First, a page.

One aspect of the military lands we cherish is the freedom to roam when they are not in use for military training. The responses to the byelaws survey show this is a widely held view and that casual access is seen as a valuable resource for mental and physical health by the local community.
This value is eroded when access restrictions such as fences or total exclusion are imposed especially when the lands remain empty and unused by the military.
We have pressed both DIO and MOD to explain what powers they are exercising to erect fences to limit and block access when the lands are not in use. To date we have not received a satisfactory answer and they are now refusing to engage further.
DIO refer these barriers to access as “Deterrent Fences“. They work 24/7 365 days a year deterring responsible recreation at all times irrespective of wether the land is being used for training, or not. These fences are the polar opposite of the often repeated political mantra stating there is “no intention to further restrict public access”.
To date over £250,000 of public money has been spend on recreational deterrent at Long Valley alone.
The Legal View
Recently TAG received a piece of pro bono legal advice from a top law firm. They were asked to examine the Aldershot byelaws, in particular Section 2 (recreational when not being used for military training) and were asked what powers this gave DIO to block access.
It’s legally technical but DIO do have the power to restrict access but only when the lands are subject to extended and heavy use for military training, typically on a 24hrs a day/7 days a week /365 days a year basis.
In areas such as Keogh and Gibraltar Barracks fencing for security makes sense. These areas are indeed subject to year-long use.
For the remainder of the training estate the legality of fencing and restrictions are less clear. There are no areas subject to heavy use with Long Valley, Ash Ranges and Porridge Pots seeing extended periods where the military are absent, yet the gates remain locked. In Long Valley the lack of gates along the southern, northern and western boundaries are causing access difficulties irrespective of use. Here deterrent fences extend for 2.25 and 1 mile respectively, blocking access (and exit) at all times.
We know the courts and judges don’t generally think that the legislature includes meaningless words in statutes. We can conclude from “when not being used for military purposes” that these words are intended to convey purpose and intent and would not be added without good reason – to protect access.
Simply, there is no other reason – apart from military use – that can close access and the lands must be subject to heavy use to fully justify fences or complete loss of access.
We believe DIO have overstepped their powers and that erecting fences and loss of access when not in use for military training are incompatible with the moral and legal intent of the byelaws.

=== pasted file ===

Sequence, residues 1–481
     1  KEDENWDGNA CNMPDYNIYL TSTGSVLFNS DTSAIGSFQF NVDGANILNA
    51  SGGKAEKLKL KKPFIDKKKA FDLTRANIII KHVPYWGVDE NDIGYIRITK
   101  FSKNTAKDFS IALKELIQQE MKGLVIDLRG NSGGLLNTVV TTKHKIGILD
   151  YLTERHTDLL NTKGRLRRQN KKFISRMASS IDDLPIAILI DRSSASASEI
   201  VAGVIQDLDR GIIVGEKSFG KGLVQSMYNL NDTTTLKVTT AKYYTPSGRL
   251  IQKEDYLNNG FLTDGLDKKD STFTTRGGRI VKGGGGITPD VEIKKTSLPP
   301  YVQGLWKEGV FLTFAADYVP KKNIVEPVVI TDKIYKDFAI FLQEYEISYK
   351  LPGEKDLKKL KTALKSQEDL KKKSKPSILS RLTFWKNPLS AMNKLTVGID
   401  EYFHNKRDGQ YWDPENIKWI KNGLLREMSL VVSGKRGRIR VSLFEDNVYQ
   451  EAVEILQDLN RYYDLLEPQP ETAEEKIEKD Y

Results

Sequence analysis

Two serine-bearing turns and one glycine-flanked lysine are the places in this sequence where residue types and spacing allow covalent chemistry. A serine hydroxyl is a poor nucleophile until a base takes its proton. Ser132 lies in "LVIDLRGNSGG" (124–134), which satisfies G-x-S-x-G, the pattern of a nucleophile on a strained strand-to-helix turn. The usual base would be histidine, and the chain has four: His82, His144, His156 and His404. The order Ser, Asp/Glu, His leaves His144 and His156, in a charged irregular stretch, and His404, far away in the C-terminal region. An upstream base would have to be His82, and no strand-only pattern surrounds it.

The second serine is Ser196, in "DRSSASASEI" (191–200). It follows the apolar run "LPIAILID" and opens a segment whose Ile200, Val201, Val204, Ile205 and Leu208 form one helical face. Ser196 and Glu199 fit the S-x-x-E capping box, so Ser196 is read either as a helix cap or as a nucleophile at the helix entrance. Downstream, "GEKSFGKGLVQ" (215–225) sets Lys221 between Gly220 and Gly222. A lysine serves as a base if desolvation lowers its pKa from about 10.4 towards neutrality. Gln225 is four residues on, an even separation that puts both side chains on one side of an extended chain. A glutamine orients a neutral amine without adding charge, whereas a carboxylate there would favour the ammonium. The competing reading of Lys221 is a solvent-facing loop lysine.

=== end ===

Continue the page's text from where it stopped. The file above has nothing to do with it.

Nor do we believe it’s the first time DIO have shown disregard for the law, with a claim for breach of copyright and issues with data protection legislation expected to start soon.
In the short term we will continue to press the case with DIO. Over the last three years we have seen loss of access when the lands are empty and we are approaching the first anniversary of the closure of Ash Ranges. We believe it is high time these errors are corrected.
The Long View
This raises longer-term concerns.
Last year TAG called for byelaws that were fit for purpose and offered protection against loss of recreational access. It now appears protection has been inherent, yet seemingly ignored by DIO.
Can an organisation that blocks access without good reason, and on the face of it disregard the law, be considered fit for purpose to deliver and work within byelaws that preserves and protects recreational access?
Over the years DIO has been increasingly hostile to casual recreation, going the extra mile to make access as difficult as possible with fencing and car park closures making it clear that the contents of the byelaw consultation will need very careful review.
We fully respect the needs of the army and understand their training always must take priority…no one would want to disrupt those who serve…but as the byelaw makes clear when the lands are empty they must be easy to access and permit recreation for all, not just those who are willing to climb a fence.
Time for Action
If fences and loss of access have impacted you do please take a moment to write to your MP and raise your concerns. This issue is currently on the political agenda and your voice will count. Writing adds to the numbers seeking accountability and helps us press politicians for accountability and the changes we seek.
You use this link to quickly pen an email to your MP:
Simply explain the value of access and what it means…and ask why DIO are permitted block access at all times even if the lands are not in use…and when the byelaws says otherwise.